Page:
LORINC: Dispatches from the world of gambling

With the city’s casino consultation wrapping up this week and the April council debate growing closer, some of the gaming industry’s key executives have rolled into town to step up the pressure with pot sweeteners and other promises.

MGM Resorts CEO Jim Murren last week pledged during a speech to include a permanent Cirque du Soleil venue and a Mark McEwan restaurant at a casino-resort for the CNE/Ontario Place grounds. And in a speech Monday, Sands president Michael Leven sought to downplay the presence of a casino on the Metro Toronto Convention Centre site, claiming it will represent only 5% of the floor space and generate just 30% of the revenues for the overall development.

In case those promises aren’t sufficient, the University of Nevada Las Vegas, the International Gaming Institute (which exists in part because of a bequest by one of the fathers of the video slot machine industry) just released a 15-page report on the economic impact of a casino on the GTA. While the document is all dressed up as something sober and academically rigorous, it was bankrolled by the Canadian Gaming Association, whose membership roster includes MGM and Caesars International.

After sifting through the “complex claims made by various stakeholders,” the study’s authors came to the admittedly unsurprising conclusion that an integrated casino-resort will have a generally positive economic impact, including on property values in the vicinity of the resort.

This last conclusion derives from a rather remarkable comparison, as the report cites a 2011 study on the “complementary” impact of Detroit’s casino on surrounding retail and real estate, which, it goes on to say, “provides a relatively meaningful case to compare to the proposed Toronto project.”

Huh? The area around Detroit’s casino is “Greektown,” a few theme-park style blocks of tarted-up eateries that cater exclusively to stranded conventioneers and casino-goers, and bears no resemblance to the functioning multi-purpose city streets found near the proposed casino sites in Toronto.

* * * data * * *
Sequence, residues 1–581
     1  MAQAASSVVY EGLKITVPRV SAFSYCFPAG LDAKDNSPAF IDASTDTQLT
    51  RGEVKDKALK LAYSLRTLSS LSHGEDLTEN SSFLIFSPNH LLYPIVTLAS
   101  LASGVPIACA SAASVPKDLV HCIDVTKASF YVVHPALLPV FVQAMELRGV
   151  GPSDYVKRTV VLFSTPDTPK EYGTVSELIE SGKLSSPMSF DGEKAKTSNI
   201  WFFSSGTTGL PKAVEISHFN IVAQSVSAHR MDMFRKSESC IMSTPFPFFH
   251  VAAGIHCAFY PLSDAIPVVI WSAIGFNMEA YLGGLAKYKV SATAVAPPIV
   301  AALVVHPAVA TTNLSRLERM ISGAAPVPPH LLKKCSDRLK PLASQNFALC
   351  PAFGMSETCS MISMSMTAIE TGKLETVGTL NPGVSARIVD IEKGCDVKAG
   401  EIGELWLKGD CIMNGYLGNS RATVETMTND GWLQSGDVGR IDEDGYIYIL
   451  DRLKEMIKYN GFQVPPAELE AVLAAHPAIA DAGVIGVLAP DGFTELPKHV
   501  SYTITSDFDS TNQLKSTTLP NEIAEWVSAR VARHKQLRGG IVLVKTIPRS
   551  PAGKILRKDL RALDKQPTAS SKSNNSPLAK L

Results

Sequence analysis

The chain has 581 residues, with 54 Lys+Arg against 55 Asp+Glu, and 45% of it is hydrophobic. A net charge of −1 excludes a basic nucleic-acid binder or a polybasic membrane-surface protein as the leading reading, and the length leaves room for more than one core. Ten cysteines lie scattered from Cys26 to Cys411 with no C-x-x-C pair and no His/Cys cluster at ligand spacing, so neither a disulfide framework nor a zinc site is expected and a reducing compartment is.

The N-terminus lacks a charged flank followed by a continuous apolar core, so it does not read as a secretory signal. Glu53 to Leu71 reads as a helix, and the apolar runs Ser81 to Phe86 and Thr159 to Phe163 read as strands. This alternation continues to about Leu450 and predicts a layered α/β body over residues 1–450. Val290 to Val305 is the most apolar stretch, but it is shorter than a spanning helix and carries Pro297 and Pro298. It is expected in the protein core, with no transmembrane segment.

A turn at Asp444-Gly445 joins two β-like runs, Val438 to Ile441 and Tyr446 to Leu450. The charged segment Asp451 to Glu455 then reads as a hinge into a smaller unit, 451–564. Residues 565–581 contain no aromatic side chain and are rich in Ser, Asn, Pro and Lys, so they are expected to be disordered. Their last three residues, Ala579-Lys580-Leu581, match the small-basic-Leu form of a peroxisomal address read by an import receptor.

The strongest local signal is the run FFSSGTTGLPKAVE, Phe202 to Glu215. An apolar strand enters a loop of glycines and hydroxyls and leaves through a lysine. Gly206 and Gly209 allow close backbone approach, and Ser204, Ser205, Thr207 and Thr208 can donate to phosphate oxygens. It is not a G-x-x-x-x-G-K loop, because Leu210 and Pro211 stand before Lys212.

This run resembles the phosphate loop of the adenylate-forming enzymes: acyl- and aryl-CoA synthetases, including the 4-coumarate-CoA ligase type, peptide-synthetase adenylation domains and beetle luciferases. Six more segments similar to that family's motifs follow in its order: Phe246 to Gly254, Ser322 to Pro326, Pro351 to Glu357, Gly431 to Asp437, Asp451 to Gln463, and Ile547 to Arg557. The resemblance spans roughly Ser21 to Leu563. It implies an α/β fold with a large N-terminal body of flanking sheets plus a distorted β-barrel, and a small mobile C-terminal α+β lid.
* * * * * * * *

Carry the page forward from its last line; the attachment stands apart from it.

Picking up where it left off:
Quite apart from such torque, the sunny image of the casino industry isn’t always reflected in the financial disclosures of the gaming companies themselves. Indeed, since the 2008 meltdown, several heavily over-leveraged gaming giants had a tough ride after building huge resort-casinos in Macau and various U.S. locales.

In fiscal 2011, the Las Vegas Sands, which trades on the New York Stock Exchange, generated $9.4 billion in net revenues and $3.5 billion in earnings (before taxes and other charges). But the company, which has resorts in Las Vegas, Pennsylvania, Macau and Singapore, told its investors it had to “suspend portions of our development projects” due to the uncertain economy.

For the same year, Caesar’s, which trades on NASDAQ and has a partnership with The Stronach Group, generated $8.8 billion in revenues, yet managed to turn a net loss of almost $700 million, with declining business in Atlantic City and Mississippi. The firm, which has 52 casinos worldwide, lost over half a billion dollars in the third quarter of fiscal 2012, up sharply from the same period in 2011.

Over at MGM, the company has accumulated over $540 million in losses in the first nine months of fiscal 2012, a dramatic reversal from the year previous. Even Sheldon Adelson’s Las Vegas Sands saw a 15.6% decrease in net income in Q3 2012 compared to a year previous, although his firm is still in the black due to the massive flow of money into the Sands’ casino resorts in Macau (which keeps the entire sector afloat).

A few regions with new casinos have seen upswings in traffic. Pennsylvania’s gaming sector has been on a roll for six years, and last year generated a record gain. (As one Allentown media outlet trenchantly put it, “People lost a record $2.5 billion at the slot machines at Pennsylvania casinos in 2012, a nearly 3 percent increase over 2011.”) But Atlantic City saw an 8% decline in 2012, said a January report in Reuters, which cited statistics from the New Jersey Division of Gaming Enforcement.